A program includes many identifiers defined in different scopes. Sometimes a variable of one scope will "overlap" (i.e., collide) with a variable of the same name in a different scope, possibly creating a naming conflict. Such overlapping can occur at many levels. Identifier overlapping occurs frequently in third-party libraries that happen to use the same names for global identifiers (such as functions). This can cause compiler errors.

Good Programming Practice 24.1

Avoid identifiers that begin with the underscore character, which can lead to linker errors. Many code libraries use names that begin with underscores.

The C++ standard attempts to solve this problem with namespaces. Each namespace defines a scope in which identifiers and variables are placed. To use a namespace member, either the member's name must be qualified with the namespace name and the binary scope resolution operator (::), as in


or a using declaration or using directive must appear before the name is used in the program. Typically, such using statements are placed at the beginning of the file in which members of the namespace are used. For example, placing the following using directive at the beginning of a source-code file

using namespace MyNameSpace;

specifies that members of namespace MyNameSpace can be used in the file without preceding each member with MyNameSpace and the scope resolution operator (::).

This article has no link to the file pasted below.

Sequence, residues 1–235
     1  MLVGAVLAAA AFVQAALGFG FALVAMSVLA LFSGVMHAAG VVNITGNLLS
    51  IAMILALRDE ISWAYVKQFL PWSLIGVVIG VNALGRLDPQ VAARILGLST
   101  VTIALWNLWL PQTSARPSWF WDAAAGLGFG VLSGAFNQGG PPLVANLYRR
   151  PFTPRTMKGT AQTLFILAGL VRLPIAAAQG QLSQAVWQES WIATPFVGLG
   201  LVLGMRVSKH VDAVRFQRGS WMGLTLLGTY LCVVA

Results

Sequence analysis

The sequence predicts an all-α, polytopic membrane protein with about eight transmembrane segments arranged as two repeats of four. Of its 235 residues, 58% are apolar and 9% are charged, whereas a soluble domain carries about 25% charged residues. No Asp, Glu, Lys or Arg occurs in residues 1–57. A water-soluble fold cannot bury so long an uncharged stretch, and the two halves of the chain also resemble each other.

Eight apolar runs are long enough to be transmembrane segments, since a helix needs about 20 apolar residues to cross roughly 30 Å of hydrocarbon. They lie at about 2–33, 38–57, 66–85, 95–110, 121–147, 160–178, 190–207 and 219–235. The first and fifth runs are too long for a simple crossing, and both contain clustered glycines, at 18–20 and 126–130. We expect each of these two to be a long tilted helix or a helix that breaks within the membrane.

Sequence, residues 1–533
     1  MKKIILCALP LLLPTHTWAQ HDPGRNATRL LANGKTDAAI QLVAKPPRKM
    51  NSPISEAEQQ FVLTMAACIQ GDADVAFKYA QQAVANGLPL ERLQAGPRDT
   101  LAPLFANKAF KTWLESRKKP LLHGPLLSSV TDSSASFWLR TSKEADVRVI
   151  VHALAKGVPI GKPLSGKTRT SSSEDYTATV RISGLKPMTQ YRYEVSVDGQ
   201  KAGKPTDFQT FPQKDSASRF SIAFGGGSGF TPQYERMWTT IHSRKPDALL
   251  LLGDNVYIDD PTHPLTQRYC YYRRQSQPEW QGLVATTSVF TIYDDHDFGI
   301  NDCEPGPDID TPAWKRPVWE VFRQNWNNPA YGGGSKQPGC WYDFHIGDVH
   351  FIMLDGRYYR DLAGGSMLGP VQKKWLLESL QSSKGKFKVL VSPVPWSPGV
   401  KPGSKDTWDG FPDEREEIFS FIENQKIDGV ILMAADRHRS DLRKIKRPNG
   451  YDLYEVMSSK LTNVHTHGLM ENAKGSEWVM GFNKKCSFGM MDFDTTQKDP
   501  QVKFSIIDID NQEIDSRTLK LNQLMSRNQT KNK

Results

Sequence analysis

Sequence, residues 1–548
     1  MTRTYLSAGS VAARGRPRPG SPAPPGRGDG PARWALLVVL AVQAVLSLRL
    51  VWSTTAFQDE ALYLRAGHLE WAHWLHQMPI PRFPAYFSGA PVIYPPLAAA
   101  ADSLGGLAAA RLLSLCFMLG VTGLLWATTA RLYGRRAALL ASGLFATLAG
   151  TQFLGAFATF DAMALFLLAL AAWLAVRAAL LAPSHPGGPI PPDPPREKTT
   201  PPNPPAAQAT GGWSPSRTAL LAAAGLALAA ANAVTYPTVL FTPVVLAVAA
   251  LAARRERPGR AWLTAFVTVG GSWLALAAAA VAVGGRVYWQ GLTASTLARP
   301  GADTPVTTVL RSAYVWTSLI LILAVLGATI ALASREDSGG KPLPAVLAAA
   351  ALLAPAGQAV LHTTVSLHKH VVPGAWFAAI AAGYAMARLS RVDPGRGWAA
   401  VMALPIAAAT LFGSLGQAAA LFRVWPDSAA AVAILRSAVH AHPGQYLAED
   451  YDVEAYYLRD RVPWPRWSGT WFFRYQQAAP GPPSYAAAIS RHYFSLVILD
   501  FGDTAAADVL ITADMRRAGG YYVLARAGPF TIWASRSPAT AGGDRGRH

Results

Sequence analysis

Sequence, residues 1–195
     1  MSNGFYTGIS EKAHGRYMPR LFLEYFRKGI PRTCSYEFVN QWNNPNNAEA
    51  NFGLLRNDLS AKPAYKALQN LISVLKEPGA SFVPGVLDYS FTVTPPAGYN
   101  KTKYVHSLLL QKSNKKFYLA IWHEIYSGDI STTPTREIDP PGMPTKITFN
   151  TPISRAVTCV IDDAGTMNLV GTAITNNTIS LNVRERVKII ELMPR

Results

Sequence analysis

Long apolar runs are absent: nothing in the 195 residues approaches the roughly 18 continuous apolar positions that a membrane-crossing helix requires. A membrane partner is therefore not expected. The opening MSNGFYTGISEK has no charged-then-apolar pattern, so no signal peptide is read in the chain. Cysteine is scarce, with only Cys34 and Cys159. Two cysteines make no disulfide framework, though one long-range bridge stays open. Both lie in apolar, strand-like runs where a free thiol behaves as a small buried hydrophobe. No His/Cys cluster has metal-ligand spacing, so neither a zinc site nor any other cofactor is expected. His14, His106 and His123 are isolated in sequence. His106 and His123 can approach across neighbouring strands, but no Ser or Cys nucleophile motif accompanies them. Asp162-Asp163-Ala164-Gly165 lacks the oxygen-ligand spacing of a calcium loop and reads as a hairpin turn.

A using declaration (e.g., using std::cout;) brings one name into the scope where the declaration appears. A using directive (e.g., using namespace std;) brings all the names from the specified namespace into the scope where the directive appears.

Software Engineering Observation 24.1

Ideally, in large programs, every entity should be declared in a class, function, block or namespace. This helps clarify every entity's role.

Error-Prevention Tip 24.2

Precede a member with its namespace name and the scope resolution operator (::) if the possibility exists of a naming conflict.

Not all namespaces are guaranteed to be unique. Two third-party vendors might inadvertently use the same identifiers for their namespace names. Figure 24.2 demonstrates the use of namespaces.

Figure 24.2. Demonstrating the use of namespaces.

(This item is displayed on pages 1204 - 1205 in the print version)

 1 // Fig. 24.2: fig24_02.cpp
 2 // Demonstrating namespaces.
 3 #include 
 4 using namespace std; // use std namespace
 6 int integer1 = 98; // global variable
 8 // create namespace Example 
 9 namespace Example 
10 { 
11  // declare two constants and one variable 
12  const double PI = 3.14159; 
13  const double E = 2.71828; 
14  int integer1 = 8; 
16  void printValues(); // prototype 
18  // nested namespace 
19  namespace Inner 
20  { 
21  // define enumeration 
22  enum Years { FISCAL1 = 1990, FISCAL2, FISCAL3 };
23  } // end Inner namespace 
24 } // end Example namespace 
26 // create unnamed namespace 
27 namespace 
28 { 
29  double doubleInUnnamed = 88.22; // declare variable
30 } // end unnamed namespace 
32 int main()
33 {
34 // output value doubleInUnnamed of unnamed namespace
35 cout << "doubleInUnnamed = " << doubleInUnnamed;
37 // output global variable
38 cout << "
(global) integer1 = " << integer1;
40 // output values of Example namespace